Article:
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**Due to time constraints we are going to a weekly cartoon format.   News Stories will also be updated as time allows, and will be limited to short excerpts.  


Bush Quote:

"We put in more troops to get to a position where we can be in some other place. The question is, who ought to make that decision? The Congress or the commanders? And as you know, my position is clear -- I'm the commander guy."
-- Washington, D.C., May 2, 2007

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Week of May 6, 2007

President crams for first white-tie dinner
First lady insisted that formal attire was required at dinner for Queen Elizabeth
Sheryl Gay Stolberg, Jim Rutenberg, New York Times
San Francisco Chronicle | Saturday, May 5, 2007

How does George W. Bush, a towel-snapping Texan who puts his feet on the coffee table, drinks water straight from the bottle and was once caught on tape talking with food in his mouth, prepare for a state dinner with the British queen?

With tips from an etiquette guide, of course -- and a little gentle prodding from his wife.

The White House is all atwitter over Monday's visit by Queen Elizabeth II and her husband, Prince Philip, duke of Edinburgh. It is the first visit by the queen since 1991, when Bush's father was president, and White House aides say the state dinner in her honor is not only the social event of the year, but of the entire Bush presidency.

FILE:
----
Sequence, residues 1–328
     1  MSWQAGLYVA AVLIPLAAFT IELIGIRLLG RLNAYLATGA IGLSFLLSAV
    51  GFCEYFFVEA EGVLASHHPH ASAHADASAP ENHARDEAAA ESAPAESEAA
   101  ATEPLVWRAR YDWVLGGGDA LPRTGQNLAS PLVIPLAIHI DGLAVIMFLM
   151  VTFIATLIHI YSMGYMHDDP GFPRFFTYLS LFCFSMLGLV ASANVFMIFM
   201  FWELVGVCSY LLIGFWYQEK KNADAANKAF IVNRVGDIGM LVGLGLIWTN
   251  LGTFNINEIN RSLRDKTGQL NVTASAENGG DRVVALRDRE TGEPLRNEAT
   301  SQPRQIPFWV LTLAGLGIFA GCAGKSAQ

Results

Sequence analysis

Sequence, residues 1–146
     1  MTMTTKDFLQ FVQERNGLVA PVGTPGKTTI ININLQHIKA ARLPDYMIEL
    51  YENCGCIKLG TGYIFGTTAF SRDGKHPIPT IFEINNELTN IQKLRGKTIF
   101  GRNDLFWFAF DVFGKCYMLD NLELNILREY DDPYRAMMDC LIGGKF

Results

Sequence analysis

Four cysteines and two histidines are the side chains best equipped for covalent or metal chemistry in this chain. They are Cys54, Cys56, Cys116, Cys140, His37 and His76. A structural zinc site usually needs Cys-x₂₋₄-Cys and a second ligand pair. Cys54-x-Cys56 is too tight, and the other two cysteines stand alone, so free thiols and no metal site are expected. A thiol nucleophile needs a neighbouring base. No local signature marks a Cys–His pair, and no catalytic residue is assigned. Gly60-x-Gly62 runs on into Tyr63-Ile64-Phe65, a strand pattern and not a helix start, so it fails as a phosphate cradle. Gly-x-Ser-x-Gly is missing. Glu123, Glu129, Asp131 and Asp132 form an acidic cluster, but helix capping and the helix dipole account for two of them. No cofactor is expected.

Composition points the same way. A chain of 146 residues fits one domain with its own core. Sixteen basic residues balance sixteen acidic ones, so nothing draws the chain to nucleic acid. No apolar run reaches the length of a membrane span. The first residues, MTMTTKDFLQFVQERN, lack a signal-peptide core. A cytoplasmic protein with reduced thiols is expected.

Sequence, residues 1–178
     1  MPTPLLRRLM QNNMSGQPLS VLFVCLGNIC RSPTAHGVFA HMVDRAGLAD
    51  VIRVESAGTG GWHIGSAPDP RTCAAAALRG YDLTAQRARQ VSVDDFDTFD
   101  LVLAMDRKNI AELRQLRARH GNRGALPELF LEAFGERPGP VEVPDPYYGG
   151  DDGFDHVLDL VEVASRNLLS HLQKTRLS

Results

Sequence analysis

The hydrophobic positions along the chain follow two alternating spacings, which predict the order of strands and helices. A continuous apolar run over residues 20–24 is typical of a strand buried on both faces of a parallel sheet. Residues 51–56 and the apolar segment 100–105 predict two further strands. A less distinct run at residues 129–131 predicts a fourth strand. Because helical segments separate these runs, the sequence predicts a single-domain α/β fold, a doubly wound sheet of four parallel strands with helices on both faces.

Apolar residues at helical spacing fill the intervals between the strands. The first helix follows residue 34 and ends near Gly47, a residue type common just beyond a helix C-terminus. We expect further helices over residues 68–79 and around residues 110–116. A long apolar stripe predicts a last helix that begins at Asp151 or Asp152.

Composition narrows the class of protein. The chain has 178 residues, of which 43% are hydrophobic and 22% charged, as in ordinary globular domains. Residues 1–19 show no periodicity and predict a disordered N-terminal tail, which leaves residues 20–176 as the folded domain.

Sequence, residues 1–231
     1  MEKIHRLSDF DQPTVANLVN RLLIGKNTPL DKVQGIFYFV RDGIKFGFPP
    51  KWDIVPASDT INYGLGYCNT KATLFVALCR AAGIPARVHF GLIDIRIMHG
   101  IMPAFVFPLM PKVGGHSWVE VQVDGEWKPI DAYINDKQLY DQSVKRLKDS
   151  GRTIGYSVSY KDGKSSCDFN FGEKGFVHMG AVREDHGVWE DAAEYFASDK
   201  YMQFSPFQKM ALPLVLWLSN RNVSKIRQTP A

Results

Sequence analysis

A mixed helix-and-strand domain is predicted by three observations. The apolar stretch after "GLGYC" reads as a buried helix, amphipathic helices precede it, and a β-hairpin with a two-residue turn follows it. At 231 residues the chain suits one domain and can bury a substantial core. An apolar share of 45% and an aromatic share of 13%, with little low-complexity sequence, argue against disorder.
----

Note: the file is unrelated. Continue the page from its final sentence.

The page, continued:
It will also be closely watched by Washington's social elite for its collision of cultures: Texas swagger meets British prim. Dinner attire is white tie and tails, the first and perhaps only white-tie affair of the Bush administration. The president was said to be none too keen on that, but bowed to a higher power, his wife.

"I think Mrs. Bush is thrilled to have a white-tie dinner, and we'll leave it at that," Amy Zantzinger, the new White House social secretary, said Friday as she arranged seating for 134 on a huge computerized screen behind her desk in the East Wing.

Bush's moniker for his father, "41," is well-known, and he will surely need no etiquette guide to warn him away from referring to the queen as "II." Even so, as it does for every official state visit, the White House has been consulting with the State Department's chief of protocol.

The resulting booklet of tips is not exactly classified, but it's definitely not public. Still, aides to the first lady shared a few do's and don'ts: The queen will be addressed as "Your majesty." The prince is "Your royal highness." For ladies, curtseying is acceptable, but not required. One does not shake the queen's hand unless the queen offers her hand first.

And once her majesty finishes her meal, everyone's meal is finished. (Not to worry, said one senior official of Bush: "He's a really fast eater.")

GASOLINE- Kucinich calls hearing on prices
PLAIN DEALER (Cleveland) | Saturday, May 05, 2007